f you have work you are proud of, or if someone else’s work has particularly stuck with you, include it.
Ask for the opportunity to talk with them, either on the phone or via video. Include a phone number where they can reach you.
Thank them for their time and attention.
Essential Services Letter
Download the letter as a PDF
Re: Student Media is Essential Service During COVID-19 Outbreak
To All Relevant Parties:
We are writing to affirm that student journalists, like their professional counterparts, perform an essential function in times of crisis and should be supported fully in their efforts to gather and report news on issues of concern in the community.
While it has become necessary to limit commercial activity in some forms as a result of the expanding coronavirus pandemic, commercial news media have largely been exempted from these limitations. Similarly, school administrators should exempt student journalists from any restrictions on student activities.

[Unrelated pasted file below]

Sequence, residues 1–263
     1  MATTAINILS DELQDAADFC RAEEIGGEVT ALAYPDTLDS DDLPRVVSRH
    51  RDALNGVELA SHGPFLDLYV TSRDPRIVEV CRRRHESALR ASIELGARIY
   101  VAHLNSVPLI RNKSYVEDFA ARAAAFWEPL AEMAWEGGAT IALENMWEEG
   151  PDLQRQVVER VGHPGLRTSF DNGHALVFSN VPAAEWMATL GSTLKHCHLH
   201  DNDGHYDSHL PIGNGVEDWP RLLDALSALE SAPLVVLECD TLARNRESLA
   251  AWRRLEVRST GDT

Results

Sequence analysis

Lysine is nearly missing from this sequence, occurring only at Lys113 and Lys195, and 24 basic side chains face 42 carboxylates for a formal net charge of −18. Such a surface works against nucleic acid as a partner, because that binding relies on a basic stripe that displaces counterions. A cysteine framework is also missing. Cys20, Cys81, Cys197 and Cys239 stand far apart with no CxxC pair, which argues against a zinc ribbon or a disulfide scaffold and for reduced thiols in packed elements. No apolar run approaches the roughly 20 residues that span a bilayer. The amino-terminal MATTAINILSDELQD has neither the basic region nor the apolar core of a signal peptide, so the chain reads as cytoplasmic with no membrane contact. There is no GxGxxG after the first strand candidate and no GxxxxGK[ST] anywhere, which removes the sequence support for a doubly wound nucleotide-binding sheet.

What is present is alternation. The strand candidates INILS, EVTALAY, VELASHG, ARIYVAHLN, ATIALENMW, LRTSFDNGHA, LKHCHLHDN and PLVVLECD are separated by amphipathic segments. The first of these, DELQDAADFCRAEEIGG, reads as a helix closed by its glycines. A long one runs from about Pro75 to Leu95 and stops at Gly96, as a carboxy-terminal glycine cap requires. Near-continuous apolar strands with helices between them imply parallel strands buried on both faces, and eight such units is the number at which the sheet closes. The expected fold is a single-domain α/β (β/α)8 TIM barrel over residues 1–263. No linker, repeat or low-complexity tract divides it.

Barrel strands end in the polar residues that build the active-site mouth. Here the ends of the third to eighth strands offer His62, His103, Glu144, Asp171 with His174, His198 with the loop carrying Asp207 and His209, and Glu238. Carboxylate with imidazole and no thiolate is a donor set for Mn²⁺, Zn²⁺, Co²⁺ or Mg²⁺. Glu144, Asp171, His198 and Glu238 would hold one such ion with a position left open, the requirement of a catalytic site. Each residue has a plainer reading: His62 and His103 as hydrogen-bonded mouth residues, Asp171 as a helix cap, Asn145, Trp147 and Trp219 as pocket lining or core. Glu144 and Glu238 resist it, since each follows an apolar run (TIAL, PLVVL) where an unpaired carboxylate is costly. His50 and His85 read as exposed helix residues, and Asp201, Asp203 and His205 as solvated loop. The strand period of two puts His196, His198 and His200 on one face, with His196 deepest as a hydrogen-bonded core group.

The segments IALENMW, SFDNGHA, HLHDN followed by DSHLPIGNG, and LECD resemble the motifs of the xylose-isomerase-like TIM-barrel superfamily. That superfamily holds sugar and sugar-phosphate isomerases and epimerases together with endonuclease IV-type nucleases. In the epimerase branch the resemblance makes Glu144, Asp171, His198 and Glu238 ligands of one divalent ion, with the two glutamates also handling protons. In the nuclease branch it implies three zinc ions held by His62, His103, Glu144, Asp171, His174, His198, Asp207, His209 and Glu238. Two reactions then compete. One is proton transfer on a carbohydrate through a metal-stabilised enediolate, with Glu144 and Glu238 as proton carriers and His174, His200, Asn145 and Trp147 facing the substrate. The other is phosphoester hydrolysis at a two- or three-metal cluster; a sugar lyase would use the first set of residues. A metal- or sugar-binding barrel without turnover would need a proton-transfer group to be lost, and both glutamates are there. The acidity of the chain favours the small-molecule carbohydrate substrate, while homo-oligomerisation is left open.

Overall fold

The federal government’s Cybersecurity and Infrastructure Agency (CISA) stated in no uncertain terms that essential infrastructure workers include those who “support radio, television, and media service, including, but not limited to front line news reporters, studio, and technicians for newsgathering and reporting.” This definition does not distinguish between student and commercial news media, but rather recognizes the important role that all journalists play in disseminating news, precisely in times of crisis and exigent circumstances when such information is needed the most.
Student journalists have worked with university administration and others to inform the community about school closures, remote learning and other emergency measures during the current disruptions. While the CISA definition is advisory, a wide variety of states including California, Texas, New York, Virginia, Pennsylvania, and other local authorities have adopted similar exemptions for news media that allow them to continue operating.